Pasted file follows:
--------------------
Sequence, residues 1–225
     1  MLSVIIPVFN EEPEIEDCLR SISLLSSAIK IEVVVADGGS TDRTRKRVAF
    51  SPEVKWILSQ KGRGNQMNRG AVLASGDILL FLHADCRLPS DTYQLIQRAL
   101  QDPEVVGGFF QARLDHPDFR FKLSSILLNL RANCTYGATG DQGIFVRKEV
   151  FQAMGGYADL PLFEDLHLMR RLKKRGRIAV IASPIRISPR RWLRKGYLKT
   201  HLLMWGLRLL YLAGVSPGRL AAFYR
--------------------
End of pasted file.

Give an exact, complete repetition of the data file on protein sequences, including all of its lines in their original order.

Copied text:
Sequence, residues 1–225
     1  MLSVIIPVFN EEPEIEDCLR SISLLSSAIK IEVVVADGGS TDRTRKRVAF
    51  SPEVKWILSQ KGRGNQMNRG AVLASGDILL FLHADCRLPS DTYQLIQRAL
   101  QDPEVVGGFF QARLDHPDFR FKLSSILLNL RANCTYGATG DQGIFVRKEV
   151  FQAMGGYADL PLFEDLHLMR RLKKRGRIAV IASPIRISPR RWLRKGYLKT
   201  HLLMWGLRLL YLAGVSPGRL AAFYR